Now what is the good of having an economy that grows by eighty percent, if your unemployment—people excluded from active economic life—goes from four 420 thousand to 5.1 million?

—Alright let me make one other argument, When you say: “The People of the Republic of China and India, 4 billion people. The argument is also made, that all of a sudden not only is there a question of the price of their labour, but it is a huge buying power that they have, that China in the new millennium will be the world’s fastest growing economy and those people will be buying products from the industrialized world…

And let’s benefit from that, and we can work together, but how do you benefit from that without destroying ourselves?

You go and you create a corporation in China, and you build a factory in China, and what do you want to sell mugs? And you conquer part of the Chinese market by competing there fair and square in China. That’s life, that’s adding to the activity of China. You’re a corporate citizen working over there.

But if you move a factory from the United States and take that to China, not so as to conquer the Chinese market, but so as to re-import the goods into the States, so as to get cheap labor. What are you doing?

What you are doing is you are saying to your employees here, you’re too expensive folks. You want money, you want protection, you want unions, you want holidays. Forget it! We can employ 47 people over there who want nothing.

So don’t confuse two issues. One is going out to participate in their growing economies by building there and conquering part of their market. The other is merely killing off employment in your own country, getting rid of your own labor force, transferring it over there and importing it back purely serves to increase your profit margins.

Now, the average company has about 25% of its costs in labor costs including the social costs, the welfare costs around it. 25% of volume you can say. When you move, you all of a sudden can save over 20%. So your profits go leaping up but you’re destroying, totally destroying, not only the number of people who’ve got jobs, but also their salaries.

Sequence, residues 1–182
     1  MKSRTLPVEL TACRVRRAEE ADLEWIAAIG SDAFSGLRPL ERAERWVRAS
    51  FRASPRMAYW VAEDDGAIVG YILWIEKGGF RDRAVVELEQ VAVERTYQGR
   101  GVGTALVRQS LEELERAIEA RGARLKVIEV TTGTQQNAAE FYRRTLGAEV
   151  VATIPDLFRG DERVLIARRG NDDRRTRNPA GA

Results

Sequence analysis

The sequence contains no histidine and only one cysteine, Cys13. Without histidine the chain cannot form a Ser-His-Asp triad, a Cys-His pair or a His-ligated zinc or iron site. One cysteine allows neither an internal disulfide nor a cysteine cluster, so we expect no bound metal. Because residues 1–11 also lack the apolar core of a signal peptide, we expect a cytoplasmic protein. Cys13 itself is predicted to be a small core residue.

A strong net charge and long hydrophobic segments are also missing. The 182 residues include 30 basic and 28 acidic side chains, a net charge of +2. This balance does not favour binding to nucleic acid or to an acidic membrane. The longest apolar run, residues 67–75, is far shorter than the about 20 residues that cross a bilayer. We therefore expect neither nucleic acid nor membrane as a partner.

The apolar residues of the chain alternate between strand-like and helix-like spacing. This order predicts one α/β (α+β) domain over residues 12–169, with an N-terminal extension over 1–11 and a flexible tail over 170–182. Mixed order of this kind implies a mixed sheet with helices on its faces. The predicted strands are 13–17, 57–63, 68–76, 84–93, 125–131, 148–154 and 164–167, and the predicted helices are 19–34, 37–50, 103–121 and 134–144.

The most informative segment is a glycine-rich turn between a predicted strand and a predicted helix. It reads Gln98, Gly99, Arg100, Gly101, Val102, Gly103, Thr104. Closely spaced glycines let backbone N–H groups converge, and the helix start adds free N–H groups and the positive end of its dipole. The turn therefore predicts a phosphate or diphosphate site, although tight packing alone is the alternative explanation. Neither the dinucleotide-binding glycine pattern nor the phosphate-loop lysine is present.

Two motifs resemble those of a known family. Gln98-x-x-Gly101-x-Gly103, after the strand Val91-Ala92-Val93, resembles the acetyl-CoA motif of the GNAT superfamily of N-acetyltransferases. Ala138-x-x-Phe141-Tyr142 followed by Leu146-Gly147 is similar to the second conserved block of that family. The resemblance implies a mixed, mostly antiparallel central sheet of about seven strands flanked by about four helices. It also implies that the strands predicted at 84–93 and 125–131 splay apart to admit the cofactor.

You realize their salaries in the State’s, their earnings, weekly earnings, hourly earnings over the last 20 years have already dropped about 19% in real dollars. It’s already been a massive decline.

And that is why the so-called recovery, which is a recovery of economic indices hasn’t got the “feel-good” factor because people’s salaries have gone down, but they’re going to go down much more, it’s only the beginning. And the reason is very straightforward:

When you manufacture something, anything, this table. You have a value added, the value added is when you take the raw materials and you manufacture a product. The value you add is known as value-added, and that is shared between capital and labor and, the whole division, the sharing of that has been the subject of massive debates for generations: How much should go to capital? How much should go to labor?

You have strikes, you’ve had lock outs, you’ve had political debates. All of a sudden, by creating a global marketplace for labor. It’s creating circumstances where people are making the same product, with the same technology, and the same capital, and the only variant is the cost of labor.

You are shattering the way you share the value-added, and that means that you are destroying the basis on which we’ve been able to create an equilibrium and have a stable society.

Ok but, let me just make this argument. This is the same thing we’ve heard about protectionism. Every time it comes up in the American Congress, The same arguments are made.

No, absolutely not. I am entirely for free enterprise, I am for free markets, but I’m not for the destruction of one’s society.

Can you explain what is the purpose of an economy in your view?

It has many purposes in fact, to play a role in a society in terms of creating jobs, in terms of playing a positive force, in terms of giving people an opportunity to serve, to take care of their family, giving people an opportunity to participate in their society.

In other words: they the economy is there to serve the fundamental needs of society.


Which offers prosperity, offers stability, and what I’m saying at this stage is that, if purely for an economic doctrine you have a situation whereby the economy grows, that you create poverty, unemployment and you destabilize the society. You’re in trouble! Look what’s happened in the last 50 years!